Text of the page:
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Little Women- musical review

Adapted from the beloved book by Louisa May Alcott, and a piece that has subsequently permeated throughout every form of the arts industry, making a huge impact for over 100 years, Little Women is playing at the Park Theatre this festive season. After seeing the fantastic directing work of Bronagh Lagan previously, and experiencing other shows at this wonderful little venue, this one was bound to be a treat.

A highly intuitive set adorns the stage, comprised of two levels as to become both the attic and downstairs simultaneously. With lots of books around, it is an immediate nod towards the impact that literature has on the family, as well as that of the original novel on so many lives. The screen at the back, mainly used to give the effects of the weather, adds just the right amount of immersion, without being too empowering, to bring everything together. Nik Corrall has created an ideal set for this piece of theatre, generating a delightful space for the narrative of the four March sisters to take place.

First being introduced to Jo, the audience get a taste for her fire and passion as she enthusiastically describes her coming-of-age novel to Professor Bhaer (Ryan Bennett). Full of dreams though feeling rejected for her outlandish works, she reconciles in her family, who thoroughly support her freshly written operatic tragedy. Lydia White does an excellent job portraying her character, and really displays her raw talent while leading this cast. Joined by Anastasia Martin as the gentle and kind Beth, the bouncy, young Amy, played by Mary Moore, and Liv Andrusier as the lovable oldest sister, Meg, the bond between them is immediately evident, and depicts the strong sisterhood foundations centre to the the story of love and loss to come. Living with their mother, whom they call Marmee (Savannah Stevenson), they all begin to grow into their own little women.

Aunt March, a wealthy widow, is keen to offer her advice to Jo on how to get out in the world in 'Could You?', which further inspires her to want to explore life beyond her home. Potential love interest, eccentric Laurie (Sev Keoshgerian) does a somewhat comedic rendition of 'Take a Chance on Me', when trying to persuade Jo to break away from her stubbornness for independence, while romantic John Brooke, played by Lejaun Sheppard, quite simply wins the heart of 'perfect little woman' Meg.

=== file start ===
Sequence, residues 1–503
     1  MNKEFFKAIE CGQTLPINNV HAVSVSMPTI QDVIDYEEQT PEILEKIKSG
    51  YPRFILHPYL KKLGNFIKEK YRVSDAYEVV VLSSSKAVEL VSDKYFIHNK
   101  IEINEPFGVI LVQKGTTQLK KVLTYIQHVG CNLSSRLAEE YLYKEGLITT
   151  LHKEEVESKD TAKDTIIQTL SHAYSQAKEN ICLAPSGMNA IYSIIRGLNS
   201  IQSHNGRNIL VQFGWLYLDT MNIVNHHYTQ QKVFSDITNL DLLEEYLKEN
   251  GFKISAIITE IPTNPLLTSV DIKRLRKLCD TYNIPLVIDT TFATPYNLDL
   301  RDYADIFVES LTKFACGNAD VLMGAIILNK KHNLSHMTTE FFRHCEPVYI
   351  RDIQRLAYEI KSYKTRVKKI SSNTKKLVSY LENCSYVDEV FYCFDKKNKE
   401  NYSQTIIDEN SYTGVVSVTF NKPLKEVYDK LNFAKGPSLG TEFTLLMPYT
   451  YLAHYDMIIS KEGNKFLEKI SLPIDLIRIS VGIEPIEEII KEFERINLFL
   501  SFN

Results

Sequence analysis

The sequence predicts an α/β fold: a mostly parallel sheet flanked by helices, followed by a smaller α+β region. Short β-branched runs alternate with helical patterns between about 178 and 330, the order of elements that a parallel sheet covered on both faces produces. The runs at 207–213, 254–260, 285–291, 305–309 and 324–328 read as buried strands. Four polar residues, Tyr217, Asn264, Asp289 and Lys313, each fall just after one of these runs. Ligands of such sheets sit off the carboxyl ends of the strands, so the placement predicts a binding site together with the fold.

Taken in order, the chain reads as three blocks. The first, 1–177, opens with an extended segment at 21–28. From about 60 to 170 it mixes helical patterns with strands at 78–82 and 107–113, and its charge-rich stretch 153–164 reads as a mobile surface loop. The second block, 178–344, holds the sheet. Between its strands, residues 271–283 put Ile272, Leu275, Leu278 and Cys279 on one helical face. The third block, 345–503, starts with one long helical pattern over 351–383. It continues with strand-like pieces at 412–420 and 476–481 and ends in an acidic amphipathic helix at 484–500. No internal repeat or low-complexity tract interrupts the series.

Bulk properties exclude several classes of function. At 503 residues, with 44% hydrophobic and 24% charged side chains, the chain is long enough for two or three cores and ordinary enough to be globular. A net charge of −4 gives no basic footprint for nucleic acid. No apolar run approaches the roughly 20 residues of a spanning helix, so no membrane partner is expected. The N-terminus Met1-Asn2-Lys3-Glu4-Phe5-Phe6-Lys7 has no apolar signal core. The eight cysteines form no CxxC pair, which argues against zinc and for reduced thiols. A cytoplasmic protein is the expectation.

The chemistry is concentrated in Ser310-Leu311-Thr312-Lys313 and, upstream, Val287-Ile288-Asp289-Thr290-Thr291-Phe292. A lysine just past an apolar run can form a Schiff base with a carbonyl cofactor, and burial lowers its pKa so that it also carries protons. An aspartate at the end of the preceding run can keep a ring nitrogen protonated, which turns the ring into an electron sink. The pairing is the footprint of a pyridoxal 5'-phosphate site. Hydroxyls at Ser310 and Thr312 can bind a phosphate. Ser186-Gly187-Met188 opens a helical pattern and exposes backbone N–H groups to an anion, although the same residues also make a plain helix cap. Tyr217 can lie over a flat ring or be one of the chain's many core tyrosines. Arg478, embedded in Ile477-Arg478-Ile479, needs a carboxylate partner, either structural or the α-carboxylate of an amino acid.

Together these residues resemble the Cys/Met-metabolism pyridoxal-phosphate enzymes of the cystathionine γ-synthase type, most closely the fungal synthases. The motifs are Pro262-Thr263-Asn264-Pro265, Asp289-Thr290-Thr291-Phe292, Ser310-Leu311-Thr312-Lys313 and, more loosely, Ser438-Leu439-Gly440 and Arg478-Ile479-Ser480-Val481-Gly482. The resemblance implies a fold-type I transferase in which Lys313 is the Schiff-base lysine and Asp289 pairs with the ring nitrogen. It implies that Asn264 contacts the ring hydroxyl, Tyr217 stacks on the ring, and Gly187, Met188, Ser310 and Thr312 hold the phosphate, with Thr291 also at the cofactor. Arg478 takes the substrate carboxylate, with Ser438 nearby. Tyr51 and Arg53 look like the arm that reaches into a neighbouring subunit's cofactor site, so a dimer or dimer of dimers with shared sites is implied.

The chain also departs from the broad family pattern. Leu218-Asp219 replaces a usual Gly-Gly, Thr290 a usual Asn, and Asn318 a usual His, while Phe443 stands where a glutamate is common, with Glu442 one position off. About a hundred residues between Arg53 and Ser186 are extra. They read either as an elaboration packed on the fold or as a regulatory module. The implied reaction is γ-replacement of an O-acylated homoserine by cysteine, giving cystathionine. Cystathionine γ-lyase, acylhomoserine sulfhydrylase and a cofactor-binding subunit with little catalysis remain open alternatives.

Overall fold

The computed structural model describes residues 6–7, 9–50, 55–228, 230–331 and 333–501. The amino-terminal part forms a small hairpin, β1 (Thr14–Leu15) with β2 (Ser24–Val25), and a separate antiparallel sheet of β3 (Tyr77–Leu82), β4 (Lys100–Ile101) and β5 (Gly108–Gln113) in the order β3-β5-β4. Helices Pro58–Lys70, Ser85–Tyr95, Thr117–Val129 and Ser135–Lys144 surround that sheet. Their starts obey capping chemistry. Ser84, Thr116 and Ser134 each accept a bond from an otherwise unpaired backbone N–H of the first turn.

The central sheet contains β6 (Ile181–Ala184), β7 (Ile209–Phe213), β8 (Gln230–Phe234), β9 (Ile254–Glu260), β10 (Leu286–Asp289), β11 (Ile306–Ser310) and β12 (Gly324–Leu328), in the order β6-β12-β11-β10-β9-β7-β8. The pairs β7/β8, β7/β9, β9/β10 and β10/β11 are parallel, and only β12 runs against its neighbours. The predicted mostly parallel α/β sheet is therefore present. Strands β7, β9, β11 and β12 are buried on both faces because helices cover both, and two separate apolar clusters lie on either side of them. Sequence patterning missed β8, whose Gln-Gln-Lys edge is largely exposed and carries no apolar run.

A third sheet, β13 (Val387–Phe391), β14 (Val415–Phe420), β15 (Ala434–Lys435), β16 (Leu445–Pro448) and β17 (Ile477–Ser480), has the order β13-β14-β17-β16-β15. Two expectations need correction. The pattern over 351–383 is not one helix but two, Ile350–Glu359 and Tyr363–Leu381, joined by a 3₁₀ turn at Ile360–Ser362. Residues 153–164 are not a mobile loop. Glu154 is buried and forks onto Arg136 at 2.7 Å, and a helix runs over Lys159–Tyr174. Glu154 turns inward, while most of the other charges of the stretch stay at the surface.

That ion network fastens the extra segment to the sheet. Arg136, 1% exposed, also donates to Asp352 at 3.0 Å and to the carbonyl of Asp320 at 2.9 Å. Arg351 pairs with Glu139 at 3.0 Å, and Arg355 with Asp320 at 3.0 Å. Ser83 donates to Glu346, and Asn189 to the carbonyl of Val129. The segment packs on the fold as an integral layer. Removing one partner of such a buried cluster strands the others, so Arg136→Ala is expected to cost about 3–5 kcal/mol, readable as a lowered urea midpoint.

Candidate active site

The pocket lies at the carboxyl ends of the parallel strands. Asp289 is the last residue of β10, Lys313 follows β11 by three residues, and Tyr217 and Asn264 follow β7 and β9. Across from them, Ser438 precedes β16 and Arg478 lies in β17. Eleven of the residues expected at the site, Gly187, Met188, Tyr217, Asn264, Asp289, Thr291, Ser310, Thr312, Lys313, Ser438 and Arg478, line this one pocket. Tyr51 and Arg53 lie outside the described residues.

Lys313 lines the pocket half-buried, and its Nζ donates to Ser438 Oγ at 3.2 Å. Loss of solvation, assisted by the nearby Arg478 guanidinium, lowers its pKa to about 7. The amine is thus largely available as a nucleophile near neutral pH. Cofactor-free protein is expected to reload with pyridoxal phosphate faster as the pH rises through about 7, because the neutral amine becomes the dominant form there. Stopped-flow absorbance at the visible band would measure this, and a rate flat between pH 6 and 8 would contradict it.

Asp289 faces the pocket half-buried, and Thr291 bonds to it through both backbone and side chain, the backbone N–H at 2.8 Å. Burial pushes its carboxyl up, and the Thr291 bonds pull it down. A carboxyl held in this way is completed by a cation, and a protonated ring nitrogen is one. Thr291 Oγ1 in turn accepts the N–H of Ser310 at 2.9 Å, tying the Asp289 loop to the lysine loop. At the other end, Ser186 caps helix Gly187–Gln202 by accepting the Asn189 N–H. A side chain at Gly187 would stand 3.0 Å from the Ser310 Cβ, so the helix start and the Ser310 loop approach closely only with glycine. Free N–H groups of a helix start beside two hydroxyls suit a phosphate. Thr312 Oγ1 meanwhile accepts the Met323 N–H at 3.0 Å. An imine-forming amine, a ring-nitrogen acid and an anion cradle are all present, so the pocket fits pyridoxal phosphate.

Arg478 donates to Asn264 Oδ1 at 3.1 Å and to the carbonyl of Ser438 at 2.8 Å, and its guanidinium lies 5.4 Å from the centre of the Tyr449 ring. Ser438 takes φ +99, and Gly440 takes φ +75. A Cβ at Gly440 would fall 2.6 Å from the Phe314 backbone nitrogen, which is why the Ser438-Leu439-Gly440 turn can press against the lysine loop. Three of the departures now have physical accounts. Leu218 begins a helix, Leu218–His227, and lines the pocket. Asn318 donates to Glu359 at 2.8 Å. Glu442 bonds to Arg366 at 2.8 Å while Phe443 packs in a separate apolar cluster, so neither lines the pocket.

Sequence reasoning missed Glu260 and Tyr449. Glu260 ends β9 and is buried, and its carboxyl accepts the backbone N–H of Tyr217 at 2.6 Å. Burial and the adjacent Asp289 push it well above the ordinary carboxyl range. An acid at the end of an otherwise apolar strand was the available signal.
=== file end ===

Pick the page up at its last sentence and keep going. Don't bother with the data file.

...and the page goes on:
Using roller-skates to mimic ice-skates is a clever and memorable inclusion, and the moments between Jo and Beth flying the kite are performed skilfully, and hold some beautiful yet poignant sense of symbolism. Similarly, before this, Mr Laurence (Brian Protheroe) unites with Beth over the piano, playing the delightful tune 'Off to Massachusetts', which is a bittersweet duet for the pair.

The score as a whole is charming, with each song woven in well, and lyrics carefully chosen. 'Here Alone' is a solo by Marmee about her husband going to war, however 'Delighted' is an upbeat track, whereby she demonstrates to the sisters how they should act when asked to dance at the ball. 'Five Forever' is another track that brings the girls together, along with Laurie, to highlight their importance of family solidarity. To conclude the first act, Jo has a mesmerising solo with 'Astonishing', when reflecting upon her decisions thus far, with the second beginning with an updated version of the novel from earlier, as further evidence of her strong character development. As the show draws to a close, she and Professor Bhaer perform 'Small Umbrella in the Rain', which is a lovely conclusion to who Jo is becoming as a woman, and leaving the audience filled with hope, after being so immersed and invested in her tale.

This retelling of Little Women does the story perfect justice and more: it is a marvel. There is pure joy and sadness, and everything in between, presented elegantly on stage, with songs that wonderfully enhance the piece, adding another dynamic. It is simply not one to miss.


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